Last fall, the Second Circuit decided Chabad Lubavitch of Litchfield County, Inc. v. Borough of Litchfield, 786 F.3d 183 (2d Cir. 2014), reversing the lower court’s order of summary judgment in favor of the Borough of Litchfield on Chabad’s claims under the Religious Land Use and Institutionalized Persons Act (RLUIPA). Chabad sought to expand its existing building, a 1870’s stick-style Victorian known as the “Deming House,” within Litchfield’s Historic District. Although the parties contest the total square footage requested for expansion, the Borough asserts that Chabad’s plans show as 17,000-square-foot addition and Chabad has not provided plans with a smaller footprint. Our report on the Second Circuit’s decision is available here.
The U.S. District Court for the District of Connecticut concluded there was no substantial burden “as a matter of law” because Connecticut’s statutory scheme governing historic districts is “neutral and generally applicable,” and could not impose a substantial burden unless applied arbitrarily, capriciously, or unlawfully.
The Second Circuit reversed and remanded for consideration on Chabad’s substantial burden claim because the Borough’s review of Chabad’s application “was an ‘individual assessment’ subject to RLUIPA’s substantial burden provision…” It also remanded Chabad’s nondiscrimination claim, noting that “Chabad need not cite an ‘identical comparator to establish a claim under RLUIPA’s nondiscrimination provision.” The Court did, however, uphold the District Court’s determination that Chabad failed to establish a valid RLUIPA equal terms comparator to support its claim.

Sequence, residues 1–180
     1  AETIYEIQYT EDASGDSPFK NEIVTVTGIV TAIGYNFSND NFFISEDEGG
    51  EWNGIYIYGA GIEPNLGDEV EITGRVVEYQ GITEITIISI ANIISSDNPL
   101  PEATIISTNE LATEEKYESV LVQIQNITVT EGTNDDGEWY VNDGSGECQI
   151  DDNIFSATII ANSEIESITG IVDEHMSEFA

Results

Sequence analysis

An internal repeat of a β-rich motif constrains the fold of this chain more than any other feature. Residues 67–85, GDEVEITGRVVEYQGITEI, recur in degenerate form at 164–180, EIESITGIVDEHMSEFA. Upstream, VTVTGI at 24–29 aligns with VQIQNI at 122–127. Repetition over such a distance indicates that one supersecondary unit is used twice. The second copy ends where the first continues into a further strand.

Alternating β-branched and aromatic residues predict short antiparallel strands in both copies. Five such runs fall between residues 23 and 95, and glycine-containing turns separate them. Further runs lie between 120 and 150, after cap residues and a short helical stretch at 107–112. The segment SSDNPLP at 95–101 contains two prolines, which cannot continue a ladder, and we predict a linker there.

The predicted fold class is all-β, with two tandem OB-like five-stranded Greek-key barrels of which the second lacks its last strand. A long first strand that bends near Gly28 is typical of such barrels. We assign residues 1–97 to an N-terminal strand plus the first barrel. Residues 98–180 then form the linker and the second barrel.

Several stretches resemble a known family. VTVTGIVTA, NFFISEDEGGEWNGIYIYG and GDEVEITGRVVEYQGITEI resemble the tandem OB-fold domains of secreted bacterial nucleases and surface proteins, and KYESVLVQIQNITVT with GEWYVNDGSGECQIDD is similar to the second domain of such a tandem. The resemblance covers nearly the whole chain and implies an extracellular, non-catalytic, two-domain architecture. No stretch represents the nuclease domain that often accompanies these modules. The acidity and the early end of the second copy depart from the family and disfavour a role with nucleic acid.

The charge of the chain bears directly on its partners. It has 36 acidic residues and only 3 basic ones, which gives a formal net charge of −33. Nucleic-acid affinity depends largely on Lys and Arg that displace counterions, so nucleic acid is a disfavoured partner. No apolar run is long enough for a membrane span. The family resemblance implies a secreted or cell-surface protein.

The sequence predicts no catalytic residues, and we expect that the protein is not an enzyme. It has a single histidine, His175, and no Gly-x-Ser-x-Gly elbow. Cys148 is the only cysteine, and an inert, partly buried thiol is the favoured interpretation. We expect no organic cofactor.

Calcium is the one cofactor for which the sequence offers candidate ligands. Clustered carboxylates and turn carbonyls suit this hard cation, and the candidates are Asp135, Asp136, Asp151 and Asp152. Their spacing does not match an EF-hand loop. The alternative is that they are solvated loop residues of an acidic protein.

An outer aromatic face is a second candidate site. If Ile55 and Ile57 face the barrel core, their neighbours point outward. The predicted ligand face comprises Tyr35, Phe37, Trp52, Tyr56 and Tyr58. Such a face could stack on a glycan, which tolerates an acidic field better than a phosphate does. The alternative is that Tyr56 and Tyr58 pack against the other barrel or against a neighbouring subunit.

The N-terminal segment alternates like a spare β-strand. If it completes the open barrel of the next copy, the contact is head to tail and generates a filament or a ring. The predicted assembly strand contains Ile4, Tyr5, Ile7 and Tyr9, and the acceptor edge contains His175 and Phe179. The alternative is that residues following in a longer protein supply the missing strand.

Recently, the Borough petitioned the United States Supreme Court to take the case and consider whether a substantial burden can be imposed by a neutral law of general applicability if applied in a rational manner. The Borough urges the Court to rule
that under our First Amendment, religious organizations must follow neutral and generally applicable land use regulations in the same manner as do secular applicants; that a law can be neutral and generally applicable if it is applied with standards giving the commission or board reasonable discretion; that an “individualized assessment” arises only when a law, on its face, gives exemption for secular uses not provided to religious uses; and, to the extent that RLUIPA conflicts with these principles, it is unconstitutional and void.
The Borough presented Employment Division v. Smith, 494 US 872 (1990) and City of Borne v. Flores, 521 US 507 (1997) as the legal foundation for its position. RLUIPA, the Borough argues, is a “legislative mandate which follows Sherbert v. Verner, rather than the judicial standard set by this Court in Smith.” The petition argues that Congress impermissibly rewrote the constitutional standard established by the Court in Smith.
RLUIPA Defense will keep an eye on this petition and keep our readers updated on any progression. The Borough’s petition is available here.